Richard Dawkins Event Canceled Over Past Comments About Islam

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“Many people are saying this is a freedom of speech issue, and of course it is,” he said. “But it’s actually more of a freedom of listening issue. People bought tickets because they wanted to hear me.”

In recent months, the cancellation of speeches on college campuses has stirred debates over balancing free speech and security concerns.

Berkeley has been a particular focus. In February, the University of California, Berkeley, canceled a speech by Milo Yiannopoulos, a right-wing writer and commentator, after a violent demonstration. In April, the university canceled a speech by the conservative author Ann Coulter, citing security concerns. KPFA, however, is not affiliated with the university.

Bob Baldock, the events coordinator for the station, said in a phone interview on Saturday that he could not recall in his three decades at the station any other live event it hosted being canceled because of its content.

The decision was made by the station’s management, and Mr. Baldock said he lent his support, but he called the cancellation a “fraught decision.”

“I could probably do my best at defending Dawkins,” he said. “I’m very fond of him. I’ve liked his books.”

He added that Mr. Dawkins’s unscripted remarks and social media posts gave him pause. “He has said things that I know have hurt people,” Mr. Baldock said.

Some of the first objections to Mr. Dawkins’s appearance came from Bay Area residents. They pointed to his tweets like one posted in 2013 in which he called Islam “the greatest force for evil in the world today.”

Henry Norr, a former KPFA board member, criticized Mr. Dawkins in a July 17 email to the station. “Yes, he’s a rationalist, an atheist and an advocate of the science of evolution — great, so am I,” Mr. Norr wrote. “But he’s also an outspoken Islamophobe — have you done your homework about that?”

Lara Kiswani, the executive director of the Arab Resource and Organizing Center, which is based in San Francisco, also emailed the station last week. She said Mr. Dawkins’s comments give legitimacy to extremist views.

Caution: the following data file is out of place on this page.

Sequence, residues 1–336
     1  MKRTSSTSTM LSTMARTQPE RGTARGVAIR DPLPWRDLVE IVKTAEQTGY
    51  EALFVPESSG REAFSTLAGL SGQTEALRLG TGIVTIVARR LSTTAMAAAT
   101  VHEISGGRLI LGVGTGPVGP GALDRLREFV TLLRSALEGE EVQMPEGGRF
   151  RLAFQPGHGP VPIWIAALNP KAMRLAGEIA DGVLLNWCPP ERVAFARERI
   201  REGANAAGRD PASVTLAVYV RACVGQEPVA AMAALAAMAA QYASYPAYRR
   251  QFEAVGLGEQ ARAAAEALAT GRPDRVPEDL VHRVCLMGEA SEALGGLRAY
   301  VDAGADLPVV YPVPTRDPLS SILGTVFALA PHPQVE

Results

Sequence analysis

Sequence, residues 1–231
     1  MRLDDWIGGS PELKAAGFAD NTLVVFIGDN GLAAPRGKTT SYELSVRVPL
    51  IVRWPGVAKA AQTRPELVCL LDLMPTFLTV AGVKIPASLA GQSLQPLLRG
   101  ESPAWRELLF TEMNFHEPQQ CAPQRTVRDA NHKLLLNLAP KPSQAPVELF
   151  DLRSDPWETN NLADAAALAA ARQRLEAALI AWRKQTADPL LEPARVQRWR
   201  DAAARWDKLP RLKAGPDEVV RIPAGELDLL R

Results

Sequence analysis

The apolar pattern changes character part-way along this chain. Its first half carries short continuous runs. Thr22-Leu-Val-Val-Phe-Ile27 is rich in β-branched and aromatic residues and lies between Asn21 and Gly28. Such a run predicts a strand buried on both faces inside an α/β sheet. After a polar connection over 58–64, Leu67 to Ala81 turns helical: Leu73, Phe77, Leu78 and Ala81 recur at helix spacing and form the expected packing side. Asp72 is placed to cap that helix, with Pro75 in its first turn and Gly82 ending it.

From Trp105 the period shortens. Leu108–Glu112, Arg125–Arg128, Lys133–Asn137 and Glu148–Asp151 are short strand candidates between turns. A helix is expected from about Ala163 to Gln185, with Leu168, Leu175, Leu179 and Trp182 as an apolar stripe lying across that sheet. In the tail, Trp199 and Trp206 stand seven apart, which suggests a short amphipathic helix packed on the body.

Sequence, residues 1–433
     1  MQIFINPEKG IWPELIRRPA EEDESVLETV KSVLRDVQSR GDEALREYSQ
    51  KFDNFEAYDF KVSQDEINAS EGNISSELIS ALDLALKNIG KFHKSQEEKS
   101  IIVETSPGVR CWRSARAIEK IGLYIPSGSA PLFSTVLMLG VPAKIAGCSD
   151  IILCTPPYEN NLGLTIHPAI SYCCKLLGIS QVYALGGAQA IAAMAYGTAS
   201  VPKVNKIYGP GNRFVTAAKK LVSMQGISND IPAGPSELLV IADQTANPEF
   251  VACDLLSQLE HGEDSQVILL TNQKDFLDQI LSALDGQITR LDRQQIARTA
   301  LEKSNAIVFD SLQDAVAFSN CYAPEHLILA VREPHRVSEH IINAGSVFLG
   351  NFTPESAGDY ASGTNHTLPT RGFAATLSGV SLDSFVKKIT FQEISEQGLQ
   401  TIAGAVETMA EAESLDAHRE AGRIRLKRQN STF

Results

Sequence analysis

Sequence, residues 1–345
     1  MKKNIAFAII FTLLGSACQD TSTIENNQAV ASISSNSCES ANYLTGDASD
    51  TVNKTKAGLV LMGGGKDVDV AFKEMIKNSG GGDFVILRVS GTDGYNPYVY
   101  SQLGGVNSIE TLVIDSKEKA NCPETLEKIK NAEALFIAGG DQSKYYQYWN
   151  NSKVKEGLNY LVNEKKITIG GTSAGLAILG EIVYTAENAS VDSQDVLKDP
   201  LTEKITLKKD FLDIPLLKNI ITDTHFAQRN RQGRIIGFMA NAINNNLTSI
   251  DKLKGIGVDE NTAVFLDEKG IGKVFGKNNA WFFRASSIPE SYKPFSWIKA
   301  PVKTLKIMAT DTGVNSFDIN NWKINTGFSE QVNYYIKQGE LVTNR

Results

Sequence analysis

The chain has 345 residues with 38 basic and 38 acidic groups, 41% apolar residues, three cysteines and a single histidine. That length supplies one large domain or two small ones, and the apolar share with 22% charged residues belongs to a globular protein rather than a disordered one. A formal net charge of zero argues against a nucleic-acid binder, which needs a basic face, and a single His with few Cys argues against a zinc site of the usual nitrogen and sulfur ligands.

“KPFA is a progressive institution in the Bay Area, and an institution that reflects social justice,” she said in a phone interview on Saturday. “It isn’t required to give such anti-Islam rhetoric a platform.”

Quincy McCoy, the station’s general manager, did not immediately respond to an email seeking comment. In a KPFA news broadcast on Friday, he said the station “emphatically supports free speech.”

He added, “We believe that it is our free speech right not to participate with anyone who uses hateful or hurtful language against a community that is already under attack.”

Several of Mr. Dawkins’s comments on social media have drawn criticism in recent years. In 2015, he wondered whether Ahmed Mohamed — the boy in Texas who was suspended after bringing a homemade clock to school that officials said resembled a bomb — wanted to get arrested given that the episode led to an invitation to the White House and crowdfunding. In a Twitter post in 2014, he suggested that people should “always put Islamic ‘scholar’ in quotes, to avoid insulting true scholars.”

“True scholars have read more than one book,” he wrote.

Mr. Dawkins stood by those tweets on Saturday. “I’ve been criticizing all religions for years,” including Christianity, he said. He added that he lived in Berkeley during the late 1960s and was once a frequent listener and supporter of KPFA.

Mr. Dawkins said he objected to the idea that speakers who might be offensive should be turned away from institutions of higher learning.

“I do think that the business of universities is to expose students to all kinds of views,” he said. “If somebody objectionable like Ann Coulter comes on, they should argue with her.”

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